2017-04-06 / News

Lawn students showcase science skills

BY RYAN GIBBS


Lawn students Evan Tuttle, Chris Perrotti, Michael McGrady and Dylan Koch, left to right, with the model plane they built from paper, rubber bands and tape during the Science Olympiad. Lawn students Evan Tuttle, Chris Perrotti, Michael McGrady and Dylan Koch, left to right, with the model plane they built from paper, rubber bands and tape during the Science Olympiad. While most Lawn School students prefer to leave science in school when the Friday afternoon bell rings, a group of their classmates were immersed in the subject Saturday.

A team of 20 seventh- and eighth-graders competed in the statewide Science Olympiad, an annual competition at Rhode Island College. For the contest, the teams are split into smaller groups so they can complete 20 different projects, which range from identification quizzes to the Rube Goldberg machine.

The Lawn School team, which was coached by science teacher Jim Kaczynski, included 15 members and five alternatives. All 20 students belong to Kaczynski’s after-school science club, which has been using its afternoons to build large-scale projects in preparation for the Olympiad. The club gets the students ready for competition. Among the items built during the after-school club was a Popsicle stick tower for an experiment to test weight limits.

“It’s a time to gather together the teams and decide what event certain students want to do,” he said.

The students choose the events that fascinate them, and each member took part in three or four events during the day. Kaczynski said most students were able to participate in their first or second choice. For example, Kendal Donovan and Cameron Chadronet represented Lawn by identifying various invasive species in North America. Kendal picked the event because of her interest in animals.

“We were in a lecture hall, and they had a Powerpoint with two questions per slide,” she said. “We had two minutes to get through them.”

Students also competed in a research challenge about human anatomy. During another event, they participated in a flight experiment by building a model airplane from classroom materials and flying it as far as possible across the room.

For the “Mission Possible” event, students Julia Cotsonas, Molly Egan and Jayden White tested out an elaborate Rube Goldberg-style machine that was built over the course of 10 weeks. The complex contraption was created by linking together a series of devices that perform simple tasks to produce a domino effect in which activating one device triggers the next device in the sequence.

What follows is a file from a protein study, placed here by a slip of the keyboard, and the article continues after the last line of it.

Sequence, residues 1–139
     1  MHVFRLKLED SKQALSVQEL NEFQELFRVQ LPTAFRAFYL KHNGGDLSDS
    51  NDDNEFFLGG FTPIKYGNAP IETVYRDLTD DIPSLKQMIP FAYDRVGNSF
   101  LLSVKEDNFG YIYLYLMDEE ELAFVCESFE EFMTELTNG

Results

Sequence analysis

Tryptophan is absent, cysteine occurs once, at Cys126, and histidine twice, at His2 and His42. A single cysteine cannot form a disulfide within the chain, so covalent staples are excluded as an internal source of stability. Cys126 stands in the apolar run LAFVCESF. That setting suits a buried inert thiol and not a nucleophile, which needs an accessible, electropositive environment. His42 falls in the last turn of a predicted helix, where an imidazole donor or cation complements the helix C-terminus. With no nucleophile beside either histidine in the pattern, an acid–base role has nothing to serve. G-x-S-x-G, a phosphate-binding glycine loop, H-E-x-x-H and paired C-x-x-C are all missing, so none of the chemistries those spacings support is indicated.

“They had to design a contraption that starts with a specific task and ends with a specific task, and do energy transfers in between,” Kaczynski said. “They had to start with pulling a plunger and end with the flag raising.”

The event had to be completed in exactly 76 seconds. Jamestown’s machine completed its task in seven seconds, which was way too quick for the judges.

“We were quite a bit off,” Kaczynski said.

Kaczynski and the other coaches are not allowed to be in the room while the students are competing, but they do chaperone the teams to the events.

He said scoring is akin to golf, with the lower score being better. The team with the best result at the end of each event gets one point, while the second best gets two, and so on. Once all the events are complete, the team with the lowest amount of points is deemed the overall winner of the Science Olympiad.

Jamestown placed 10th out of 24 competing middle schools from across the state. They took home first place in one event, a wind turbine building challenge, in which they were represented by Nina Kent and Clara Maddox. Another Jamestown student, Ben Cowan, was part of a multi-school team that won the Science Bowl, a Jeopardy-style quiz.

Kaczynski said his team is happy with their achievements in the Olympiad, regardless of where they ranked or how many gold medals they took home.

“It’s a very good, successful year,” he said. “I think every year is very successful because they’re doing science after school and doing something that they want. I think this group in particular had a lot of fun and that’s how I measure my success.”

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